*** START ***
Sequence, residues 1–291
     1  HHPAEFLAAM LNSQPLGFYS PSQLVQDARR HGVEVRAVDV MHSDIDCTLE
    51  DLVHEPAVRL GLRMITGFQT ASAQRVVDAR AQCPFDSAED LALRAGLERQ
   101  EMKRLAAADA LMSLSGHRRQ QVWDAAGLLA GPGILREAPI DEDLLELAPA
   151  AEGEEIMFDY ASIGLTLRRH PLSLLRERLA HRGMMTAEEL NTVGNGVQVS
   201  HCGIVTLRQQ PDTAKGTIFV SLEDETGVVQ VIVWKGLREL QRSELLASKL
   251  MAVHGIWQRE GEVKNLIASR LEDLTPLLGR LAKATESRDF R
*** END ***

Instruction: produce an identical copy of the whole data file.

Sequence, residues 1–291
     1  HHPAEFLAAM LNSQPLGFYS PSQLVQDARR HGVEVRAVDV MHSDIDCTLE
    51  DLVHEPAVRL GLRMITGFQT ASAQRVVDAR AQCPFDSAED LALRAGLERQ
   101  EMKRLAAADA LMSLSGHRRQ QVWDAAGLLA GPGILREAPI DEDLLELAPA
   151  AEGEEIMFDY ASIGLTLRRH PLSLLRERLA HRGMMTAEEL NTVGNGVQVS
   201  HCGIVTLRQQ PDTAKGTIFV SLEDETGVVQ VIVWKGLREL QRSELLASKL
   251  MAVHGIWQRE GEVKNLIASR LEDLTPLLGR LAKATESRDF R